Global menu

Our global pages


Lawbite: Occupation rights - beach huts built on sands of time

  • United Kingdom
  • Litigation and dispute management
  • Real estate litigation


Gilpin v Legg [2017] EWHC 3220 (Ch)

In a case highlighting the benefit of clearly documenting arrangements between owners and users of land, the High Court has determined the basis on which five beach huts were used and occupied by their owners (the claimants).

The defendant land owner initially alleged that the claimants occupied his land as licensees and served notice in December 2014 to that effect. The claimants disputed the validity of that notice.

There was very limited documentation and in recent years the land owner had sought to use language more commonly associated with licences than leases in his communications with the claimants. The court looked past the land owner's attempt to dress the arrangement up as a licence, however, and held that the claimants occupied on a periodic tenancy from year to year.

Ultimately, the court was guided by the fact that:

  1. whilst ultimately not important when considering the question itself and notwithstanding the finding that the beach huts were chattels (meaning that they did not belong to the landowner and the claimants were entitled to remove them), the claimants were, for all practical purposes, in exclusive occupation of the land on which the beach huts were located; and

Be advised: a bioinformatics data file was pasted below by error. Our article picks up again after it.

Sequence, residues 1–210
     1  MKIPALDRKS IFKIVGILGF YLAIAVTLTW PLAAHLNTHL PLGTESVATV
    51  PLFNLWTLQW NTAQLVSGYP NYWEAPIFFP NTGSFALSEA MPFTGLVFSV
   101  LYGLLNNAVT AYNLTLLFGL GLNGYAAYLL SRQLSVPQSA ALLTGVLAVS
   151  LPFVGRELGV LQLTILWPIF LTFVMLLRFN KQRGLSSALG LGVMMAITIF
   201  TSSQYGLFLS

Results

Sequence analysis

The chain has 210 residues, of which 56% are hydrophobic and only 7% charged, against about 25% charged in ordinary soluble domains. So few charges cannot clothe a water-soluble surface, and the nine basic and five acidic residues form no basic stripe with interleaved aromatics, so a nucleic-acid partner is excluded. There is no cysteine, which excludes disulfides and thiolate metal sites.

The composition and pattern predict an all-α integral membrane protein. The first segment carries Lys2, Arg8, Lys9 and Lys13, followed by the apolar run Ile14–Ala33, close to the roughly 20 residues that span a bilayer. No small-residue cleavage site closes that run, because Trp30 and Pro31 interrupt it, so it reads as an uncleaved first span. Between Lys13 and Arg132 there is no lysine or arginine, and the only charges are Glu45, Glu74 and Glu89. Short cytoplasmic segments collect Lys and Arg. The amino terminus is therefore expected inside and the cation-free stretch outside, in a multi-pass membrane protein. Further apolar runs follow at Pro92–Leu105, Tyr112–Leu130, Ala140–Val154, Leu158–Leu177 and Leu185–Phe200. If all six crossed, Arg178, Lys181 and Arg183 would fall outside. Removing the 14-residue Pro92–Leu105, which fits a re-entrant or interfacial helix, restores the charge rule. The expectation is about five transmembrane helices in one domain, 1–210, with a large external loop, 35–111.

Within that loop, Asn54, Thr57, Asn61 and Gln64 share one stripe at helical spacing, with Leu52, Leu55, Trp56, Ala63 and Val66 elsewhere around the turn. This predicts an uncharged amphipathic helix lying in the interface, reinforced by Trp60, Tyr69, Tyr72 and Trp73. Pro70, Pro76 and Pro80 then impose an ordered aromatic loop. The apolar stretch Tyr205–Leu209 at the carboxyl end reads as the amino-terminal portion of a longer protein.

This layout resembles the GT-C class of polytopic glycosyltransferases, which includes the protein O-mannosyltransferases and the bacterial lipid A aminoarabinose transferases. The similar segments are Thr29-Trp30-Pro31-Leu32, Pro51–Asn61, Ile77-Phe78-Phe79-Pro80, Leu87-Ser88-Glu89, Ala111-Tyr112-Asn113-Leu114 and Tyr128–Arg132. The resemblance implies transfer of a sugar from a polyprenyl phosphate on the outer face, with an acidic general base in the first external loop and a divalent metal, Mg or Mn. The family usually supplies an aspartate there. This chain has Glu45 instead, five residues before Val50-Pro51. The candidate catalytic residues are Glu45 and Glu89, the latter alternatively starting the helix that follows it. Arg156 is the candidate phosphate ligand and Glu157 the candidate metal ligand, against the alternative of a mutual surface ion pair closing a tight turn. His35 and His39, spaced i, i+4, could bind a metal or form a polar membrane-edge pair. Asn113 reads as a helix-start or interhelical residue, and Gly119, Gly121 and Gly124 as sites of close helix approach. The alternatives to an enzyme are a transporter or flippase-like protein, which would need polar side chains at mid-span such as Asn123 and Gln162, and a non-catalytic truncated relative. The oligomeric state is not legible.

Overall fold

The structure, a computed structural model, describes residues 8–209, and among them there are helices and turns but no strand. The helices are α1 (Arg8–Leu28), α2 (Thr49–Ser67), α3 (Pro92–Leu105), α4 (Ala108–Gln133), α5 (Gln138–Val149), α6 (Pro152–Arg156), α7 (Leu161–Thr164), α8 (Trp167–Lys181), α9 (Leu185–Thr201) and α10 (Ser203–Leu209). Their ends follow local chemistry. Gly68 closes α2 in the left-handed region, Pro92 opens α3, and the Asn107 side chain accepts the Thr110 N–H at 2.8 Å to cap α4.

2. the rent was payable, and paid, per annum.

Fortunately for the land owner, however, a second notice had been served, without prejudice to the validity of the first notice, shortly after proceedings were commenced (in September 2015) to terminate any periodic tenancy that the claimants may have in March 2016. The court held this notice to be valid, terminating the claimants right to occupy on the date specified within it.

Key points

  • Whilst it may seem easier and/or cheaper at the time, allowing third parties access to premises without clearly documenting the basis on which they do so beforehand will only expose you to trouble in the future. This is particularly relevant when future tenants are allowed into premises prior to lease completion.
  • The court will not be guided by the language used by the parties and will look to understand what the true nature of their relationship is (landlord/tenant or licensor/licensee).
  • If you want to grant a licence, rather than a lease, you should consider taking practical, real world steps to show that the occupiers do not have exclusive possession of the land they occupy (by requiring them intermittently to move location).
  • When there is ambiguity as to the basis on which occupiers occupy land, consider protecting your position by serving more than one notice (without prejudice to any other notices served) to terminate any likely interests they may have.